Executive Summary 🔗︎
Ransomware is a type of software that encrypts users’ data, ensuring that they can no longer recover it without payment. It has been around since about 1989 and has become a very lucrative business with a bleeding impact on organizations: Financial cost of pay-out, loss of reputation, agencies’ fines, permanent data loss, operational loss, clean-up/damage repair costs. As ransomware attacks rise alongside the massive adoption of technology and cryptocurrency, they have also evolved to implement non-monetary extortion threats and RaaS (Ransomware-as-a-Service) strategy to urge victims into submitting payments.
In this whitepaper, we will guide you through the anatomy of ransomware attacks—including the threat actors, their operational processes and roles, and more—as well as the investigative workflows, data, and tools that support effective ransomware investigations.
Key Takeaways 🔗︎
Understanding Ransomware Threats 🔗︎
Although it has been the most remarkable cyberthreat in the last years, ransomware is not something new in the cybersecurity arena: The first malware asking for a ransom payment dates back to 1989. The invention of Bitcoin in 2008 (facilitating anonymous payments), the professionalization of cybercrime growing up heavily a few years later (strong collaboration and exchange in dark web hacking forums and markets), and the massive adoption of technology (with relevant vulnerabilities and high-impact exploits from time to time) has probably generated the “perfect storm” for them.
Ransomware, as a malware specimen, is a relatively simple piece of software that encrypts a victim’s data, making it theoretically unrecoverable, and demanding payment in exchange for recovery. It is mainly used by threat actors during the last stage of a network compromise. This means that, before its detonation, an initial entry vector was abused, and several steps were taken afterward to silently pivot and land into other highly relevant assets in the organization. During that breach, attackers will be trying to obtain enough privileges to launch data encryption and wipe everything out, including mirrored data and online backups, even hosted in alternative systems for business continuity purposes. It must be noted that their extortion activities do not just stop at asking a ransom for data recovery, but also heavily pressuring victims by threatening to leak stolen information, including customer data, intellectual property, etc.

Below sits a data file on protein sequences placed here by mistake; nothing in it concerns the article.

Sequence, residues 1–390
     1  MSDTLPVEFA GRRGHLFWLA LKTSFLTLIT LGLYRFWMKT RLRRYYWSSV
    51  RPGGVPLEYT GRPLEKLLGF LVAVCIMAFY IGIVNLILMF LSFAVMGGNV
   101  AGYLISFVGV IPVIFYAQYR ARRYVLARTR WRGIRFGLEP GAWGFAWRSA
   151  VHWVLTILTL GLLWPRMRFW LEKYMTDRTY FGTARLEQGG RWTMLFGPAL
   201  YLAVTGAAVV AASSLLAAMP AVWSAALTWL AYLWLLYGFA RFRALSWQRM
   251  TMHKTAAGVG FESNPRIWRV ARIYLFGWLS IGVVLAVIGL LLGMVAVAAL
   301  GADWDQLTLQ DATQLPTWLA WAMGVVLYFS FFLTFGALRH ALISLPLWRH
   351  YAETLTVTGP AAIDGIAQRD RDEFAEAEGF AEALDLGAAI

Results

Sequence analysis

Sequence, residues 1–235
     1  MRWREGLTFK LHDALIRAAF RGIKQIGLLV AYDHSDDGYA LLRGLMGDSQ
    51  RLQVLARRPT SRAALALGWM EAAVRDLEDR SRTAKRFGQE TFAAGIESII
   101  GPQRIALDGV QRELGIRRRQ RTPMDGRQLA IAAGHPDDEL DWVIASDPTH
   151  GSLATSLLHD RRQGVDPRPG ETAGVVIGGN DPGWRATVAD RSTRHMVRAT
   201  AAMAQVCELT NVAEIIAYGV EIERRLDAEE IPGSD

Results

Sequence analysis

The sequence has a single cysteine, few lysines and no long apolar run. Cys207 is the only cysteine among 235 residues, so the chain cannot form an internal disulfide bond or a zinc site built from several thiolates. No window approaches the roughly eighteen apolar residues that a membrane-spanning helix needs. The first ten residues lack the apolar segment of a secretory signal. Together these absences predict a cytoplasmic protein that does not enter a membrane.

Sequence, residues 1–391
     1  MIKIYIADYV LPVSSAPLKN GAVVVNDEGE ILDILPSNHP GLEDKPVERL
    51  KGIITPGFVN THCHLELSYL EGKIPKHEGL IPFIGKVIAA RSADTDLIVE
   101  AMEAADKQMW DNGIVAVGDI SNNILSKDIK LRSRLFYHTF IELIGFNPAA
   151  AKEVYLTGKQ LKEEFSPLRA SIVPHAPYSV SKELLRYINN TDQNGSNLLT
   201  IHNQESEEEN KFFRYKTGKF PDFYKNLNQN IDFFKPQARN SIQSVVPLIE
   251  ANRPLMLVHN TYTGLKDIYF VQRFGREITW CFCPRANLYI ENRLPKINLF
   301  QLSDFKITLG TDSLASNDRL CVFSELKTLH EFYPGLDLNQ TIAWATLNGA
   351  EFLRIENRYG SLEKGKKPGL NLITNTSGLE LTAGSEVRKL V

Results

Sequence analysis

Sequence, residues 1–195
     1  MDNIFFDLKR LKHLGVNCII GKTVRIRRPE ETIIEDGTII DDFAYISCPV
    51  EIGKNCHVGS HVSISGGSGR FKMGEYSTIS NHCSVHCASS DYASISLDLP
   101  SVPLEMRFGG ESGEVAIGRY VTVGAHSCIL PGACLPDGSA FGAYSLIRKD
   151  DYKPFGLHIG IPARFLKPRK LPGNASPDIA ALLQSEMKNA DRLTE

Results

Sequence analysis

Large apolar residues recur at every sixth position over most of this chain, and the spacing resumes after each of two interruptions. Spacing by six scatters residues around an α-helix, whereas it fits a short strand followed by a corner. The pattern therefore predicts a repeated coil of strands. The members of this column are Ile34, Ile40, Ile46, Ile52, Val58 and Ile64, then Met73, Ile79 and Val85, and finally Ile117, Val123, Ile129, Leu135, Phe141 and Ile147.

IBM Ponemon Institute states that the average cost of a ransomware breach in 2021 was estimated at $4.62 million. We are talking about a very lucrative business with a bleeding impact on organizations: Financial cost of pay-out, loss of reputation, agencies’ fines, permanent data loss, operational loss, clean-up/damage repair costs.
Chainalysis states in their 2021 report that there were more active ransomware strains than any other year, at least 140 of them received payments from victims at any point in 2021, compared to 119 in 2020, and 79 in 2019. The same study indicates that ransomware payment size was over $118,000 in 2021, up from $88,000 in 2020 and $25,000 in 2019, with some large payments such as the record $40 million received by Phoenix Cryptolocker. One reason for the mentioned increase in ransom sizes is ransomware attackers’ focus on carrying out highly targeted attacks against large organizations.
Ransomware as a Service (RaaS) & RaaS Players 🔗︎
As you will notice, there are many stages and different tools involved in a ransomware attack. The criminal hacking industry, as in any other software and services one, requires specialization and a strong partnership program as the most reasonable step to compete in this business. Nowadays, this is no longer a “Blue Ocean” as there are many threat actors competing to compromise a big ecosystem.
The most common trend in this ecosystem is following a collaborative operational model known as Ransomware as a Service (RaaS) with three clear roles: Operators, Affiliates, and Initial Access Brokers (IABs).
Download this whitepaper now to learn more about: 🔗︎
- RaaS attack groups and the roles of Operators, Affiliates, and Initial Access Brokers
- Attack trends of RaaS and their Tactics, Techniques, and Procedures (TTPs)
- The 6 aspects of a ransomware investigation
- Top OSINT Tools and data providers for ransomware investigations
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